Our biggest hope is to get vaccinated
As the COVID-19 vaccine has begun its distribution process, speculations about the vaccine have risen from millions of Americans. There are many reasons why people oppose vaccines: the belief that vaccines do not work, mistrust of science or the government, or the belief that they can cause autism (however, the CDC has confirmed that vaccine ingredients don’t cause autism). Though the timeframe for creating and testing this vaccine was short, it has been confirmed as safe and 95% effective.
From data taken by the CDC on January 21, about 17.5 million people have received the first dose of the COVID vaccine. However, thousands of people also received it back in the fall of 2020 during its testing phase.Â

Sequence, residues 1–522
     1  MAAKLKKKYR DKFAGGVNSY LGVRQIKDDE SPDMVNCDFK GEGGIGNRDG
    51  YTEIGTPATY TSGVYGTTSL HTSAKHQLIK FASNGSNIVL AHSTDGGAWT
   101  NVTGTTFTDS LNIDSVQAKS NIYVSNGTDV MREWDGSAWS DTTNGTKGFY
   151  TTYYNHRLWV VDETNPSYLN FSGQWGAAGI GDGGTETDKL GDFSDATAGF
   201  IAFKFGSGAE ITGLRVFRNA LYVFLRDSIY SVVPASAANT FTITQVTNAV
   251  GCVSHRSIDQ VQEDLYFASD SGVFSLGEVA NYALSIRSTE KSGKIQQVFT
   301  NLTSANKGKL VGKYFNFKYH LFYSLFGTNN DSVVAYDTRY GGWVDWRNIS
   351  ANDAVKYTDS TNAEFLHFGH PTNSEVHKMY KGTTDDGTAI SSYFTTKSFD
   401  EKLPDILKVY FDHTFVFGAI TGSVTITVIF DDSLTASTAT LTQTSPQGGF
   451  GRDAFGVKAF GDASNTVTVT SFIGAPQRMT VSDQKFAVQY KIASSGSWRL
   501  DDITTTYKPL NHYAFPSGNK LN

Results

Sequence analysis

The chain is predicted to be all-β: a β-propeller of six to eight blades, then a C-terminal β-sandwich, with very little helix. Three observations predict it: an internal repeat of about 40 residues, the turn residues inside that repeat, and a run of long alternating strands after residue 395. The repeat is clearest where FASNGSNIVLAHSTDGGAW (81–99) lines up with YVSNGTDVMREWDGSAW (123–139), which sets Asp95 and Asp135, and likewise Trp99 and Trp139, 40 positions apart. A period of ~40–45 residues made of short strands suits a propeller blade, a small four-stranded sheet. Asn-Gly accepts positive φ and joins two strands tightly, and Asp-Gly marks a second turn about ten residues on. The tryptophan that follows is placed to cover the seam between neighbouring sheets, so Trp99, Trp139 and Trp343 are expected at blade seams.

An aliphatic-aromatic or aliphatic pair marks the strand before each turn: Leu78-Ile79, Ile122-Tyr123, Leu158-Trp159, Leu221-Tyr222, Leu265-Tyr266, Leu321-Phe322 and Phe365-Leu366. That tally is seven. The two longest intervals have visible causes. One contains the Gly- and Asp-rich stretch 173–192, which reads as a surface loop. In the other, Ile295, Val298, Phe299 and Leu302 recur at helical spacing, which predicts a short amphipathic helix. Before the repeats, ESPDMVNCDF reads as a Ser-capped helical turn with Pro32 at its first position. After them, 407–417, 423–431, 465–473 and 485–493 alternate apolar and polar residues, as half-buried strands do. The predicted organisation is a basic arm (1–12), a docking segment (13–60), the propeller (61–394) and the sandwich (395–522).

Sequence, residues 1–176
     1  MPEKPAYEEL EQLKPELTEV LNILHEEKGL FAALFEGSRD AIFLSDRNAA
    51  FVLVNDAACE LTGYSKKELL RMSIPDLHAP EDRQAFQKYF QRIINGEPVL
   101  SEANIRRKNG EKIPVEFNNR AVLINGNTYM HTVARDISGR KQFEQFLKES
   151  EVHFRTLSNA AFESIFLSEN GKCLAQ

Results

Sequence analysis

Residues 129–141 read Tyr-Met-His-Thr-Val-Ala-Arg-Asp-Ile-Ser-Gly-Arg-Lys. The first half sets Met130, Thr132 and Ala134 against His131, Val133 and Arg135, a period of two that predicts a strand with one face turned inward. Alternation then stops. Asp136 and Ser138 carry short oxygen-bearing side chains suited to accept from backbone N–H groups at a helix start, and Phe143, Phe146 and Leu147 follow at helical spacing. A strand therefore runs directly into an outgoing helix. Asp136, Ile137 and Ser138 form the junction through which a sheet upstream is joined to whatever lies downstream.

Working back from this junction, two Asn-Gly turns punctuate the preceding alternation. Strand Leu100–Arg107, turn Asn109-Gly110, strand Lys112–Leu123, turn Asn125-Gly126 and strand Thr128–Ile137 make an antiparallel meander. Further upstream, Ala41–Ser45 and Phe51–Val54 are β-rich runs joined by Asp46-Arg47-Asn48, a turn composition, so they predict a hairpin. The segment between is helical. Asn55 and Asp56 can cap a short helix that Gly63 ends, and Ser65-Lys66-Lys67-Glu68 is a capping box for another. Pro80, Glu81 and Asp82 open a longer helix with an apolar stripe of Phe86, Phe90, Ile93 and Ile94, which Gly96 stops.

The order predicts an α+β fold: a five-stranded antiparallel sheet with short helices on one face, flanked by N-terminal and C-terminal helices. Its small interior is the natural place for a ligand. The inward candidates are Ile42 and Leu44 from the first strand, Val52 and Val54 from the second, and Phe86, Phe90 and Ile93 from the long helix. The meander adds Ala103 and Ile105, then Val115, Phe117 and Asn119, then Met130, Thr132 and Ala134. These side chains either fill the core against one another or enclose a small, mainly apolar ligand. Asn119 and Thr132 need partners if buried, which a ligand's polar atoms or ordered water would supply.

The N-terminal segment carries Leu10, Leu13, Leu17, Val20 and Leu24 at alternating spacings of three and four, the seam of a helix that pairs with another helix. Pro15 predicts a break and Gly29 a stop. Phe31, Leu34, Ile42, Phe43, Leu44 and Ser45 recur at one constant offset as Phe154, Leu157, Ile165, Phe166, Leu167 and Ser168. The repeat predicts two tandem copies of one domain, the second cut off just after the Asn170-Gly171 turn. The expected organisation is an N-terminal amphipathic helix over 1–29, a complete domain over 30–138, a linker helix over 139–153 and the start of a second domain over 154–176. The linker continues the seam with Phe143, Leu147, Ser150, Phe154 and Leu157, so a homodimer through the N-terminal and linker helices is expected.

“So far, we haven’t heard [of any side effects] and this has been studied since the fall,” said Heidi Streed, Minnehaha’s upper school nurse. “By now, we should have heard something since it’s usually the first four to six months that you’re hearing about side effects, and we’re not hearing that.”
The opposition of vaccines can be very dangerous and may drag out the pandemic, at least for the US. The measles (a potentially deadly disease) experienced a resurgence due to parents refusing to vaccinate their children. Who’s to say the same won’t happen with COVID? Luckily, once enough people become vaccinated, the virus will eventually slow down.
“Around 60 percent of the population has to get vaccinated for us to reach herd immunity, which is really impressive,” said Streed.Â
The vaccine will enormously help to end the coronavirus from spreading. However, if there are still millions who will not get vaccinated, then this virus may be around for longer than we’d like. It’s safe to say that almost everyone would like to have a sense of normalcy again. We’d like to go to concerts, restaurants, or even just the grocery store without having to distance ourselves. The vaccine is the biggest hope we have right now to return to that lifestyle.